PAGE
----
Open Know-How is a community of open hardware organisations and individuals setting new standards to expand knowledge, enable collaboration, and accelerate innovation in research, design and manufacturing.
The rapid technical evolution of additive manufacturing (AM) enables a new path to a circular economy using distributed recycling and production. This concept of Distributed Recycling via Additive Manufacturing (DRAM) is related to the use of recycled materials by means of mechanical recycling process in the 3D printing process chain. This paper aims to examine the current advances on thermoplastic recycling processes via additive manufacturing technologies. After proposing a closed recycling global chain for DRAM, a systematic literature review including 92 papers from 2009 to 2019 was performed using the scopus, web of science and springer databases. This work examines main topics from six stages (recovery, preparation, compounding, feedstock, printing, quality) of the proposed DRAM chain. The results suggested that few works have been done for the recovery and preparation stages, while a great progress has already been done for the other stages in order to validate the technical feasibility, environmental impact, and economic viability. Potential research paths in the pre-treatment of recycled material at local level and printing chain phases were identified in order to connect the development of DRAM with the circular economy ambition at micro, meso and macro level. The development of each stage proposed using the open source approach is a relevant path to scale DRAM to reach the full technical potential as a centerpiece of the circular economy.
On despite its attractiveness, the complexity of this distributed approach represents a limit to this application. Moreover, the environmental and economical effectiveness still needs to be demonstrated. In this article, a conceptual model is developed and proposed for the collection process in a Closed Loop Supply Chain (CLSC) network of local and distributed plastic recycling in order to analyze its economic and environmental feasibility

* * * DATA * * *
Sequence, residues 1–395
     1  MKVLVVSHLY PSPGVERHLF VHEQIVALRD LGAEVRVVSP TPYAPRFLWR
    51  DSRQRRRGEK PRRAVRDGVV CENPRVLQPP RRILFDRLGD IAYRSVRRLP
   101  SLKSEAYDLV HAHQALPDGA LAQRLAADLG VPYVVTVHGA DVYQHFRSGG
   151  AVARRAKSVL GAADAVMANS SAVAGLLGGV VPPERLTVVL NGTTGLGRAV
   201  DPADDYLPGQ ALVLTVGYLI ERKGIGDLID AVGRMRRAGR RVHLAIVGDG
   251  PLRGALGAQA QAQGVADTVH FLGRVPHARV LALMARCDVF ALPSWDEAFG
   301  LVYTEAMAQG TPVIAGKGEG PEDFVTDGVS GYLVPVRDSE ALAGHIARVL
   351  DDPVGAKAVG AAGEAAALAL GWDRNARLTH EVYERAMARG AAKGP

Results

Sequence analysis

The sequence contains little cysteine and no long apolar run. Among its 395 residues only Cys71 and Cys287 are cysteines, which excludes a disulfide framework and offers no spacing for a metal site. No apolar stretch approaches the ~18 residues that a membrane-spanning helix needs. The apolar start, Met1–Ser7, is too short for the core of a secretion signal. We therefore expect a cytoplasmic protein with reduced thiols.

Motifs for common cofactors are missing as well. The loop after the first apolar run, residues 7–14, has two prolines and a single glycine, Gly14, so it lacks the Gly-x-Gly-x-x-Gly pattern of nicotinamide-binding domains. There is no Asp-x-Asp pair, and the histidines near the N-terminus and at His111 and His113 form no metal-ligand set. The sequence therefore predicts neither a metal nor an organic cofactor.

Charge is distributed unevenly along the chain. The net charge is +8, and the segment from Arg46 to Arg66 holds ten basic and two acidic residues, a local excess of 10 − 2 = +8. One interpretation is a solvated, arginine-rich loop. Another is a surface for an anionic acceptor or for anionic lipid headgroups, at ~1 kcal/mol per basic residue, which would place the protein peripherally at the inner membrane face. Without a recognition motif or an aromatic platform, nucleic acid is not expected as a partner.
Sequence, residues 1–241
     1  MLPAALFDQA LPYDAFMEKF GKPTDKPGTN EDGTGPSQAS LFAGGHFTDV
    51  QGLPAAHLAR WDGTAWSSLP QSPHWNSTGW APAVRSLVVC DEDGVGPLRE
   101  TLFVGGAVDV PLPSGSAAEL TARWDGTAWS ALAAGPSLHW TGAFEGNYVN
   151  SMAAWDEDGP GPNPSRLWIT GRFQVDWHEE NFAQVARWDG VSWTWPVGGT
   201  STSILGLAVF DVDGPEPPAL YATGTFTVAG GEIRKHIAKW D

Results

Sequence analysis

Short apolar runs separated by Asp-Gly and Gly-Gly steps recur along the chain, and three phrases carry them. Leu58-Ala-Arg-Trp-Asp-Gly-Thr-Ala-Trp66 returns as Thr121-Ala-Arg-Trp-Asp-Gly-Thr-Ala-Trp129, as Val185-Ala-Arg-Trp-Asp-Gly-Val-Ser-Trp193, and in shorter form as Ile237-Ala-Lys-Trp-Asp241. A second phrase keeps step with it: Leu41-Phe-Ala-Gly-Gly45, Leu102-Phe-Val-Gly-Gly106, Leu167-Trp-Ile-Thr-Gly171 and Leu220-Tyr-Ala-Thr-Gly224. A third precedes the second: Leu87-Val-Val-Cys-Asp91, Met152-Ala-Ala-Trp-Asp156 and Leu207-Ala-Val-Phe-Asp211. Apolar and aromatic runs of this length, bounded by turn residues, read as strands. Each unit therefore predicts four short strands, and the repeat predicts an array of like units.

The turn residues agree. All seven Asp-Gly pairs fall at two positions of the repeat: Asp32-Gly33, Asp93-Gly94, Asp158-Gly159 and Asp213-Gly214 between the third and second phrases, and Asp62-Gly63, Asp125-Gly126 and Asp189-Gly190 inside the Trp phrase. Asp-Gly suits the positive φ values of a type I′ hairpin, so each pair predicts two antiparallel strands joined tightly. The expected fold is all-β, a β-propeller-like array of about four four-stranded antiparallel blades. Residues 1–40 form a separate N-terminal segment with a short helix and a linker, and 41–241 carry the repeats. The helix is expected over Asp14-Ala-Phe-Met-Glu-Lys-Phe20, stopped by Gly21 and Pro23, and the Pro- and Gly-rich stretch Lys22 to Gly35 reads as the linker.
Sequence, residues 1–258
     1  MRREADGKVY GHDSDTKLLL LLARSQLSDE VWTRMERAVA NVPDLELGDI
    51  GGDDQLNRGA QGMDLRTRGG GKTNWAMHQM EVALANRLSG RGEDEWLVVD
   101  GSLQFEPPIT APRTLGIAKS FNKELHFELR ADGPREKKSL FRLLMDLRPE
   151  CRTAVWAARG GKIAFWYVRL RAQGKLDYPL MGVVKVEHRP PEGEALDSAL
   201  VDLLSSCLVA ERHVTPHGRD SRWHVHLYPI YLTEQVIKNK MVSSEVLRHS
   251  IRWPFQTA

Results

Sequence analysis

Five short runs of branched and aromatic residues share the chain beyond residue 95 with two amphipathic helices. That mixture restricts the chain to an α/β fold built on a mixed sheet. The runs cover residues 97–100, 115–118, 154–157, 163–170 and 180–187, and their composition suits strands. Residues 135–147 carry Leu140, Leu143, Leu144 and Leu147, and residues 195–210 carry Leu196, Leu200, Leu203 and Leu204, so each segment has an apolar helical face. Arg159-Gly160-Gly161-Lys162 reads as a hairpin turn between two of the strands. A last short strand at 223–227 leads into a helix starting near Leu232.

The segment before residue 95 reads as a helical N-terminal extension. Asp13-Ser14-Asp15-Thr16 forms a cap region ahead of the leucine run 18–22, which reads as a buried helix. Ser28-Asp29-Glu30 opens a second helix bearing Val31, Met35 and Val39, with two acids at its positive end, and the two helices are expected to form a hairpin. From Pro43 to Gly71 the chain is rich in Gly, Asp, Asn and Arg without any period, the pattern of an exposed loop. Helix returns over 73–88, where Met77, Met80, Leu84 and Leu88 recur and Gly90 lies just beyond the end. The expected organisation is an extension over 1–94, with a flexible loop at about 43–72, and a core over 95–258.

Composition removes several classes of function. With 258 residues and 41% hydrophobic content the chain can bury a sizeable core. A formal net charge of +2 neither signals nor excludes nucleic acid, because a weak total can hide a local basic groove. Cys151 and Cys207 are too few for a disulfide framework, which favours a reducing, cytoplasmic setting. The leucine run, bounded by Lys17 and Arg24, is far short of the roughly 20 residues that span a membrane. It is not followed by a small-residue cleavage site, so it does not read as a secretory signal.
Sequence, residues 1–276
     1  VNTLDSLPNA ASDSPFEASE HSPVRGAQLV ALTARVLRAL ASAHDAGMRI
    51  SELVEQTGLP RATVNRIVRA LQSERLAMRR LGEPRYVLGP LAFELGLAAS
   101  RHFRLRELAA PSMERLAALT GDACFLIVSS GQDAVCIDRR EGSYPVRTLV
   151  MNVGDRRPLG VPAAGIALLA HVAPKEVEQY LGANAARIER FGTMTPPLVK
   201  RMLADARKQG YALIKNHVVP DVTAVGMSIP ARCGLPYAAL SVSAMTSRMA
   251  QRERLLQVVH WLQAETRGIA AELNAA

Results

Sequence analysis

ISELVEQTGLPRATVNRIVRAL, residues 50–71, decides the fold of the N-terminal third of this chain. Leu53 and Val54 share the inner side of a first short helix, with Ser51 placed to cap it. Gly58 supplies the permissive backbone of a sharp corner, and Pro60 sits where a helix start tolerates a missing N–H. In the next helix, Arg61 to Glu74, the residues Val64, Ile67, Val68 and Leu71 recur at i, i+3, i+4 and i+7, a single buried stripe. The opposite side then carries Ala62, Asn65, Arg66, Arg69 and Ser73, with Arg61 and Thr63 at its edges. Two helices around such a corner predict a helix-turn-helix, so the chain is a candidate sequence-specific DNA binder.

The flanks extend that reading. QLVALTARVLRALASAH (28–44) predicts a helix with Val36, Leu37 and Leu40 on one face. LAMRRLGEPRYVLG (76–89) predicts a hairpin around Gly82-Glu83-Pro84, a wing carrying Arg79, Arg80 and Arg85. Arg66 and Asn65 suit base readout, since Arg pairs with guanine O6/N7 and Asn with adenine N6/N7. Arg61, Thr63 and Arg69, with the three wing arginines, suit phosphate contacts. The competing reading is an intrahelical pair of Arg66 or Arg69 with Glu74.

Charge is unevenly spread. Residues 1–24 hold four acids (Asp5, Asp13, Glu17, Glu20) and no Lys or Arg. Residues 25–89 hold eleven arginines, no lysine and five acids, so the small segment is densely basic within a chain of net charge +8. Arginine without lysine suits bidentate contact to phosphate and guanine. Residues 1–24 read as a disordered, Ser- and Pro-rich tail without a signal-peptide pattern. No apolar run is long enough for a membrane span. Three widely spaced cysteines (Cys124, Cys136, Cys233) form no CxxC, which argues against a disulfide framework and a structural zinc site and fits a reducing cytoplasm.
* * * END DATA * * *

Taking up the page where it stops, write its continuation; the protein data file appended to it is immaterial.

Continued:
We are a local plastic recycling facility that turns PET, HDPE, LDPE, PP, PS, PLA, PC and ABS plastics into re-usable, plastic intensive, and re-recyclable products. We support plastic free packaging, end engage in citizen science to understand the impacts of plastic on our environment.
Fab City Prototype: TOMORROW
After giving the group a general perspective on the spaces and people that are currently shaping the prototype, participants were invited to work on three particular subjects that are key to designing a roadmap for the future of the neighbourhood:
Fabrication & materials: with complementary production ecosystems happening inside the local network of Fab Labs, citizens have the possibility to produce what they consume, recirculating materials inside the neighbourhood and the city to reduce waste and carbon emissions associated with long-distance mass production and distribution chains.
Food production: growing food on the rooftops of Barcelona. Through urban agriculture practices, citizens can grow part of what they eat turning production of local clean food in a regular pat of their lives.
Energy: Renewable energy production. With the arrival of domestic batteries and the cost drop of solar technologies, citizens have the tools to produce part of their domestic energy consumption.
Our vision of Green Fablab (or Hackerspace, or Makespace) is that in these geographically distributed spaces, they can be considered not only as a fabrication spaces, but also a recycling, remanufacturing and refurbishing places in order to contribute to a more circular economy
Over the course of five days, local workshops, research centers, design agencies and local producers in the neighbourhood was connected into an ecosystem. Biologists, tech professionals, local makers, craftsmen, IKEA designers, and other trailblazers gathered in Barcelona for the project and collected wasted products from the streets of Poblenou in order to breath new life into materials that were heading to landfill.
The Fab City Global Initiative demonstrates our unique, multiscale way of working in the Full Stack Model . The Full Stack explains how the systems change from PITO to DIDO can be applied at the citizen, city and global level, enabled by shared values and physical infrastructure.
L’impression 3D, une technologie bonne qu’à fabriquer des Yoda moches et des gadgets inutiles ? Que nenni ! Réparer des objets en remplaçant une pièce défectueuse, réaliser des petit hacks de la vie quotidienne, concevoir des objets pratiques correspondant à ses besoins, c’est de l’ordre du possible pour toute personne fréquentant un fablab ou possédant une imprimante 3D.
An open resource for sourcing local manufacturing and materials
Make Works started because we wanted to make fabrication in Scotland more accessible for artists, designers and makers.
Now we teach passionate people in other places how to do the same!
O argumento mainstream clássico dos fablabs. Curioso que tem uma analogia dele mesmo - do MIT como mainframe -, que ele busca solução nos Fablabs pelo mundo. A minha solução é pensar a cidade como laboratório de fabricação, mas aí sou eu também repetindo a mim mesmo, ou quase.
Muito a retrucar sobre esse post e vídeo, mas eu estaria me repetindo. Vou internalizar para transformar em algo mais profundo, com tempo.